Thank you ! to ML Mathre and Al Byrne, study members, for having made innumerable pitches for the study at more events than can be listed. What dedicated Vets they are ! Dr. Uma Dhanabalan, the study PI, continues her advocacy and has made numerous presentations at national conferences for the Vet study. She’s a Diamond !

Due to hosting problems on our website (2nd time) we were off line twice this month for a few hours. We no longer host our site with that organization. Problem solved.

A new informational brochure is available on the study website:

Please contact the VA to support new legislation enabling them to look at medical cannabis treatment for PTSD. A call to Colorado’s Rep. Polis office wouldn’t hurt either. Ask for Stuart Feinhor.

As always please “spread the word” about the study…the VA and mainstream media sure won’t ! And for all the organizations disseminating information about the Vet study…Thank You !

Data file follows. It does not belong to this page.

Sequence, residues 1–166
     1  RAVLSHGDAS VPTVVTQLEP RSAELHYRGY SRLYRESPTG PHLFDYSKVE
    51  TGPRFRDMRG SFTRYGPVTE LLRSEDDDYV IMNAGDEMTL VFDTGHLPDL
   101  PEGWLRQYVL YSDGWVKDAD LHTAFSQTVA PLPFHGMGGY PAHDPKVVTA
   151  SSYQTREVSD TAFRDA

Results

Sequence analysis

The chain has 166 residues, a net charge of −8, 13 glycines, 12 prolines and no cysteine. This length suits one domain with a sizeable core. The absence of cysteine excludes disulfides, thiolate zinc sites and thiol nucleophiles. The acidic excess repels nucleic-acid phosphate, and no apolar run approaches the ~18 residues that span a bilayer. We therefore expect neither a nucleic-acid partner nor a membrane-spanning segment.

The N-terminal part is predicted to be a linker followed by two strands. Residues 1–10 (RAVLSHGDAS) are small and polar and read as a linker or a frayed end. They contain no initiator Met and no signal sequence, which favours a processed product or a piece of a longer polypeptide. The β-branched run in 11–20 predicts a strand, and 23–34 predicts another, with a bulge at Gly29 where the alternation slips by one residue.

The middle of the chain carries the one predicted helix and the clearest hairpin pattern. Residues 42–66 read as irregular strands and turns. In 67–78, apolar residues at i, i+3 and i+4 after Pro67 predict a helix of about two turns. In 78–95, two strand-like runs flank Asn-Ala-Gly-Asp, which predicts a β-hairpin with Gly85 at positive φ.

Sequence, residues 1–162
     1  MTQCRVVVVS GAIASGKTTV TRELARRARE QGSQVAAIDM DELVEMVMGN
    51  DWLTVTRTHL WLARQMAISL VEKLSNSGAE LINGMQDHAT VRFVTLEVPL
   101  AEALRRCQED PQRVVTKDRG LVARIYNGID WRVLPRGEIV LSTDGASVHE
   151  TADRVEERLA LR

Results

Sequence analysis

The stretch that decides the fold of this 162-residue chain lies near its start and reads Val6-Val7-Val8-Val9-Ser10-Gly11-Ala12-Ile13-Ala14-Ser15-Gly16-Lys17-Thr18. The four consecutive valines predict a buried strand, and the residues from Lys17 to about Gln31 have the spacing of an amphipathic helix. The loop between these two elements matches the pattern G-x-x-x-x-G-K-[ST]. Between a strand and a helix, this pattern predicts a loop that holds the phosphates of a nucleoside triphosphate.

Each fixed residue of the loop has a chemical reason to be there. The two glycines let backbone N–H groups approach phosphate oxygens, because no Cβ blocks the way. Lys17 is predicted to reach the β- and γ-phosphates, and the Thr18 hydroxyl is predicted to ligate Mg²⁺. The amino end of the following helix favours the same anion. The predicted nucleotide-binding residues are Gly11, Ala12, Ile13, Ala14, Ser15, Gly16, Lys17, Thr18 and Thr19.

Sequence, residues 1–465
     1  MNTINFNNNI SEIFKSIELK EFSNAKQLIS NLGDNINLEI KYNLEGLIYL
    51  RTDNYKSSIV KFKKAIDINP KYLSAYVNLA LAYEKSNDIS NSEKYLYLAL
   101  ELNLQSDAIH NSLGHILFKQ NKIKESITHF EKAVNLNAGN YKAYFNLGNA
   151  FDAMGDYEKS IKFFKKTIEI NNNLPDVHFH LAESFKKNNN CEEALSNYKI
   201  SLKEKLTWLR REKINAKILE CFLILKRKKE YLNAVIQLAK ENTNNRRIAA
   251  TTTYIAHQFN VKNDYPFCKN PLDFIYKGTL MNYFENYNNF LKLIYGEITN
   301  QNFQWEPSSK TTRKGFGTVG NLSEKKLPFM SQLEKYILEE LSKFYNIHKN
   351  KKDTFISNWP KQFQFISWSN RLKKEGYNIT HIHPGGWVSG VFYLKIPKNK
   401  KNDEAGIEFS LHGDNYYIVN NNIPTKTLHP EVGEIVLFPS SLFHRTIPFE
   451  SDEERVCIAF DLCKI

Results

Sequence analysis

Have a Happy, Safe, and Joyful Holiday Season !

September 22, 2014, Enigami Newsletter

Our development team at Crank211, LLC have evolved into close friends and co-workers. Despite their best efforts to avoid service disruption Microsoft ‘s “Azure” had a severe hiccup in service the past few weeks. If you encountered difficulties in your web services MIcrosoft may be the culprit.

The “Marijuana for Medical Professionals” conference on Sept. 9-11, 2014, in Denver, was a HUGE success. Many thanks to Ms. Montemayor, of Healthy Choices Unlimited for putting on the most professional medical cannabis conference to date. We can’t wait to attend next year.

Clif Croan, of Enigami, will be doing a radio interview with Dr. Diane Dike, Oct. 10, 2014, about the importance of patients being able to understand the medical cannabis products contents and how they relate to the conditions they’re treating:

Enigami Medical Cannabis, LLC (EMC) will be “tossing it’s hat into the ring” at the Marijuana Tech Start Up Competition, in Denver, the weekend of Sept. 26. EMC will only be accepting proposals on the future of the database which defines the relationships between the cannabinoid combinations and the qualifying conditions.